[Nitro] help with og!

rob rob at motionpath.com
Sat Dec 3 08:41:00 EST 2005

I also make use of transient unstored attributes on objects and would  
be disappointed if this facility was not available.

On 3 Dec 2005, at 12:41, David Corbin wrote:

> On Friday 02 December 2005 05:40 am, zimba-tm wrote:
>> On 02/12/05, TRANS <transfire at gmail.com> wrote:
>>> On 11/28/05, zimba-tm <zimba.tm at gmail.com> wrote:
>>>> The disadvantage I see to use attr, is that you can't specify  
>>>> the data
>>>> types. It would then be necessary to describe it somewhere else,  
>>>> like
>>>> in the constructor. Altrough, if a blank object can't be  
>>>> instanciated
>>>> without default parameters, then this cannot be done also.
>>>> Any other ideas on this ?
>>> #attr can be overriden to allow for the annotations, in fact you may
>>> not realize it but they already are in Nitro/Og. The only difference
>>> between #property and #attr is that #property informs Og that the
>>> attribute exists for ORM-ing while #attr does not. The  
>>> distinction is
>>> good in a way, in that a class can have an attribute that is not
>>> neccessariy mashalled to the database.
>> Do you have real-world examples that show it's really needed to have
>> unstored attributes of an objet ? I think KirbyBase will store them
>> all, but I might be wrong.
> Well, real world experience.  We do it all the time where I work.   
> It's a
> common optimization technique.  Say a model object is responsible for
> generating a bitmap.    You might want to only generate it once, on  
> demand.
>>> If the other approach was taken, using just #attr methods, it  
>>> would be
>>> neccessay to have a variant way to inform Og which instance  
>>> varaibles
>>> should be, or at least should not be, mapped to the database. If
>>> you've ever used much YAML you'll know how it does this via the
>>> to_yaml_properties method --you'll need something like that. Given
>>> that most Og classes have all their instance vars mapped to the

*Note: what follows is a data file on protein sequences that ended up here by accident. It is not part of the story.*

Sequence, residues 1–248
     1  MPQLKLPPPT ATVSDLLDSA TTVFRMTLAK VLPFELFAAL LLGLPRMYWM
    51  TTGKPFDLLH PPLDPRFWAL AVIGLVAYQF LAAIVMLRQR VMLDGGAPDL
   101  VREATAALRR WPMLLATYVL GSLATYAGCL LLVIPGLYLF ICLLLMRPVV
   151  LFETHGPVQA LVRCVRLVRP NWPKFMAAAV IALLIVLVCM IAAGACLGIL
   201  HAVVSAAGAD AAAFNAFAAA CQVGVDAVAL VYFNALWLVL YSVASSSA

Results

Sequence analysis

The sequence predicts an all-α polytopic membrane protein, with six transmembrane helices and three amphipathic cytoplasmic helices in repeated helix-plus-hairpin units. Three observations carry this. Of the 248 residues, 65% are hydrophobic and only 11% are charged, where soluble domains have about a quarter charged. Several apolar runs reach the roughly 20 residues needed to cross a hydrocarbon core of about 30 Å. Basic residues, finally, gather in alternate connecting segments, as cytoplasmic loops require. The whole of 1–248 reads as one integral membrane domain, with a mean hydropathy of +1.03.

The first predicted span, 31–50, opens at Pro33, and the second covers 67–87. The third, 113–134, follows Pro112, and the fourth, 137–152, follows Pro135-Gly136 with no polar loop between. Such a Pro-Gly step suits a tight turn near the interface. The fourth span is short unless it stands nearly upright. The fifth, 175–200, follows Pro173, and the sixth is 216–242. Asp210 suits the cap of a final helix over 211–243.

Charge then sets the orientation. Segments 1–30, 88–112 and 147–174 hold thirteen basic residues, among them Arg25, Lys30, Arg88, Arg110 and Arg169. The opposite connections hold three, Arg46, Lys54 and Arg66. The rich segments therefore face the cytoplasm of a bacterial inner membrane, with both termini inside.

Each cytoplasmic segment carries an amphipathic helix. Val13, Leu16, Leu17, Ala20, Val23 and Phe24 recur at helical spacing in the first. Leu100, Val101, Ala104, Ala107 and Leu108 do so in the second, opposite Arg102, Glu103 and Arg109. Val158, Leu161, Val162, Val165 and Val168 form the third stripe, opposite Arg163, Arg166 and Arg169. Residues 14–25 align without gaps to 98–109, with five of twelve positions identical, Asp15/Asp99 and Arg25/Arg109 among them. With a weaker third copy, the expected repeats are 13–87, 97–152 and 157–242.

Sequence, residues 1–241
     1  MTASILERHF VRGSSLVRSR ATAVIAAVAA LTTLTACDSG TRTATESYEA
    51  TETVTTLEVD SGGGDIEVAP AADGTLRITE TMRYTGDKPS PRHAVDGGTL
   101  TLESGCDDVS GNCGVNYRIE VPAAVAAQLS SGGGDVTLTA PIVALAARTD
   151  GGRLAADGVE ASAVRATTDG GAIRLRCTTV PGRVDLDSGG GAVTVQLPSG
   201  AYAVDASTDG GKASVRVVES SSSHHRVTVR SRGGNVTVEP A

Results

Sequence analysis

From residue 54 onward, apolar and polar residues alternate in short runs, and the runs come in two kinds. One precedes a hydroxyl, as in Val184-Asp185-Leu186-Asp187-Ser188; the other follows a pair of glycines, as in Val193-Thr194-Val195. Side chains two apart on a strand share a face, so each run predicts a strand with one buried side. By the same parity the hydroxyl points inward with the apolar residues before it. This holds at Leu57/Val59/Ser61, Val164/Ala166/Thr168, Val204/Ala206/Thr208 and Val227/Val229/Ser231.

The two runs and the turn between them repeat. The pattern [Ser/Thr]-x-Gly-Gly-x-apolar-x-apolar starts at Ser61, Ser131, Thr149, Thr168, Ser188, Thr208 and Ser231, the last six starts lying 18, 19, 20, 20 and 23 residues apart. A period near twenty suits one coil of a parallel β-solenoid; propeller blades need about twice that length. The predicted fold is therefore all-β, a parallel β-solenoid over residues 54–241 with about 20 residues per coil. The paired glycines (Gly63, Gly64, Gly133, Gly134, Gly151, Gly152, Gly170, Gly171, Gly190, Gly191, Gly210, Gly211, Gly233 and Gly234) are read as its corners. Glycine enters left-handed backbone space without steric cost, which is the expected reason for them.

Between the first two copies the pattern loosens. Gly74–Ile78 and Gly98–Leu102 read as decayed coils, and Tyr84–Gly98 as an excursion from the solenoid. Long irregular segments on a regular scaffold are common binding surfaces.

>>> DB, it
>>> might actually be workable if there was just a simple way to  
>>> _exclude_
>>> instance vars if need be. That might be a simple as
>>>   attr :x, :exclude => true
>>> or something. But since using #property is generally how the class
>>> gets "enchanted" an alternate way to do that would be needed as  
>>> well,
>>> but it seems like the main idea of this in the first place is not to
>>> have to do anything special to the class, like 'include  
>>> Enchanted' or
>>> something.
>> If "attr" would be used, it's better to not extend it. After all, the
>> goal is to create classes that are not dependent of the ORM and if we
>> need to extend attr, then there is no reason not to use "property".
>> An alternative would be to rely on the constructor. I think an object
>> should be instanciable with only default parameters. Maybe it's
>> doesn't validate, but it should be instanciable. It's also usefull to
>> create "empty" objects that can be stored in the sessions and filled
>> by multiple form pages (using continuation?) unless they are valid  
>> and
>> can be transferred in the database.
> In an ideal world, it would be impossible to construct an invalid  
> object. Some
> objects have no concept of 'default' parameters.  It just doesn't  
> make sense.
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